Sports / China

Olympic bid makes skating coach's job easier

By Sun Xiaochen ( Updated: 2015-06-08 20:32

Olympic bid makes skating coach's job easier

Li Yan, left, head coach of China's national short-track speed skating team, visits a winter sports-themed poetry, painting and calligraphy exhibition with her athletes at Beijing Sport University. Photo provided to

The mentor of China's Olympic champion speed skaters expects Beijing's bid for 2022 Winter Olympics to make her job easier by encouraging more children to don ice skates.

Having claimed nine Olympic gold medals since 2002 as the leading force in China's winter sports contingent, the national short-track speed skating team still faces challenges in attracting new talent because of the relatively low profile of the sport.

Beijing's bid will help popularize the niche sport in a wider area of China and inspire some youngsters from the warmer Southern part of the country to become professionals, said Li Yan, head coach of the national team.

"I think greater participation in skating at grassroots level (inspired by the bid) will trickle through to national level so that one day we will have a bigger talent pool to select from," Li said at an exhibition of winter sports-themed poetry, painting and calligraphy at Beijing Sport University on Monday.

All members of the national short-track team, who have just reported for a new training program, visited the exhibition to gain inspiration from the past.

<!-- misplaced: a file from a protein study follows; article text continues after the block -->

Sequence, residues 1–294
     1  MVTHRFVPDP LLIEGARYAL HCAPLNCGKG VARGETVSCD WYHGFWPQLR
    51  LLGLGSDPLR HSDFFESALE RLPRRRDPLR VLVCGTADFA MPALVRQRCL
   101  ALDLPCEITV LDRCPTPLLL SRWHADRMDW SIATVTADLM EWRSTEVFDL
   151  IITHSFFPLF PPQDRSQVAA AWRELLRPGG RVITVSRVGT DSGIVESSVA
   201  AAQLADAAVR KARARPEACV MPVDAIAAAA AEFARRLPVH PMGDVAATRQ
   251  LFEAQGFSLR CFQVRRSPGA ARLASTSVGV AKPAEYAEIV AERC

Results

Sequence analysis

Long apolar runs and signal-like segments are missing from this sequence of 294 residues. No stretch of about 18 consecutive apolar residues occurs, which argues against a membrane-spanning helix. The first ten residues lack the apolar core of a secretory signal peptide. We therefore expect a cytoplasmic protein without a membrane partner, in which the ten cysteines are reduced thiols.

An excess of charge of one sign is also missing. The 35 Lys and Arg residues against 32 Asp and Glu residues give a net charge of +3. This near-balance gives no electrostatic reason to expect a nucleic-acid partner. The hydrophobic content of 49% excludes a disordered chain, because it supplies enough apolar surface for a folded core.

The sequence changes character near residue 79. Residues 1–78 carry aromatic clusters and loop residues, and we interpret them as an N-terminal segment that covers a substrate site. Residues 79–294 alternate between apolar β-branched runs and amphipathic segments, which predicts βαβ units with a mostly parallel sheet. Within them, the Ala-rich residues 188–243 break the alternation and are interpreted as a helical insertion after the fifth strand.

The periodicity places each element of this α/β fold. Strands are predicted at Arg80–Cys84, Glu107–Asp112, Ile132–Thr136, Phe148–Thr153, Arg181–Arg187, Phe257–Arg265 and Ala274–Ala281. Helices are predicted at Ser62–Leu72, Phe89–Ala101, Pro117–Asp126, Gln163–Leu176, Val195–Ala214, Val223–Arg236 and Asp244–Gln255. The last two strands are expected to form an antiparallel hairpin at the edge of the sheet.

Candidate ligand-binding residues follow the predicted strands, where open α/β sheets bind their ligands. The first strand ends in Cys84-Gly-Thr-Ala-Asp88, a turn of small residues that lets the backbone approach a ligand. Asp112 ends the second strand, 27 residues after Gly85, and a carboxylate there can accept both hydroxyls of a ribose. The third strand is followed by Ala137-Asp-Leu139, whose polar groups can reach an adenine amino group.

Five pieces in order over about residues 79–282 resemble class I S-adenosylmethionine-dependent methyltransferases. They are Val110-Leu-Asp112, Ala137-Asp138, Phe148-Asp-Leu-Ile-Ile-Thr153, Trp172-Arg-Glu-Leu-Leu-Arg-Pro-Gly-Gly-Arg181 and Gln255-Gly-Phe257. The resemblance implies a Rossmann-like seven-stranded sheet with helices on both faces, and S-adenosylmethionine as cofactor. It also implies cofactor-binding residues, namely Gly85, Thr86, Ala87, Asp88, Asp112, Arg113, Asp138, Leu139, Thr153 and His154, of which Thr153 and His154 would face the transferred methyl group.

Once mainly made up of athletes from Northeastern China's Heilongjiang and Jilin provinces, the new squad has drafted in three skaters from the Eastern coastal city of Qingdao in much warmer Shandong province.

"It's a sign of the sport's increasing versatility," said Li who led the women's team to sweep all four short-track golds at the 2010 Vancouver Winter Games.

"Even in the South, indoor rinks are more commonly seen at shopping malls, and more children have adopted skating as an affordable hobby which will definitely contribute to talent drafting in future," she added.

Renewing her contract until the 2018 Pyeongchang Winter Olympics, Li said the main focus in the remainder of her tenure is to help more young athletes reach international level forehead of the highly-anticipated 2022 Games.

"Although I don't know if I will still be in the position by then, I will do my best to train as many promising athletes as possible.

"If Beijing wins the bid, that will be a dream come true for all winter sports participants in China and I will play my part to the utmost as well," she said.

Beijing's joint bid with co-host city Zhangjiakou has entered the final stage as a high-level delegation of senior bid officials will brief International Olympic Committee officials in Lausanne on Tuesday about concerns cited in the bid assessment report released by an IOC evaluation commission last week.

The host city will be selected between Beijing and Almaty, Kazakhstan at the 128th IOC Session in Kuala Lumpur following final presentations by the candidates to the full IOC membership on July 31.

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